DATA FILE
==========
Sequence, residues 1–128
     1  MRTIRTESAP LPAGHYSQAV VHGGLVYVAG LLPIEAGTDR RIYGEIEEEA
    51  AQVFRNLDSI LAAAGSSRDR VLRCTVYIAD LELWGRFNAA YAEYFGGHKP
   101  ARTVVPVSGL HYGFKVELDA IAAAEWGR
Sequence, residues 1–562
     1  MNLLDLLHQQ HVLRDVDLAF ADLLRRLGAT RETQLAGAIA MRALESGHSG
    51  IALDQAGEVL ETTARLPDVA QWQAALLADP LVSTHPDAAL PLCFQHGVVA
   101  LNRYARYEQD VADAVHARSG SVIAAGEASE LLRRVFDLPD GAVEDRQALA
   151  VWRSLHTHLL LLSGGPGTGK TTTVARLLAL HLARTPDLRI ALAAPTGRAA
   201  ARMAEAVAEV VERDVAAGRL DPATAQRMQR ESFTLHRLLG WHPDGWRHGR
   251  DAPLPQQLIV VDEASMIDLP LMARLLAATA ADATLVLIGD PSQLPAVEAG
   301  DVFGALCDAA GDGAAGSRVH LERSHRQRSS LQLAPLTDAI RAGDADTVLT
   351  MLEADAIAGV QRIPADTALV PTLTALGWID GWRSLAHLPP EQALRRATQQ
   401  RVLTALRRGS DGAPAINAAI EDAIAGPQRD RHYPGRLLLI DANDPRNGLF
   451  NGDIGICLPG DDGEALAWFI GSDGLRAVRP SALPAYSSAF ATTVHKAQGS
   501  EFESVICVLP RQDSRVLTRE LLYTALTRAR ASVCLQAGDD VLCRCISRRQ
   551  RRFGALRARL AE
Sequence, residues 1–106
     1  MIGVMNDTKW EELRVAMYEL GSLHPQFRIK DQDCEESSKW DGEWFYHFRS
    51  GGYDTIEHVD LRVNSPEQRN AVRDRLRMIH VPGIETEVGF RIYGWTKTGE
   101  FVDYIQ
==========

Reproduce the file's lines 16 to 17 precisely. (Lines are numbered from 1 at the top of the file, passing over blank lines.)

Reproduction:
   501  EFESVICVLP RQDSRVLTRE LLYTALTRAR ASVCLQAGDD VLCRCISRRQ
   551  RRFGALRARL AE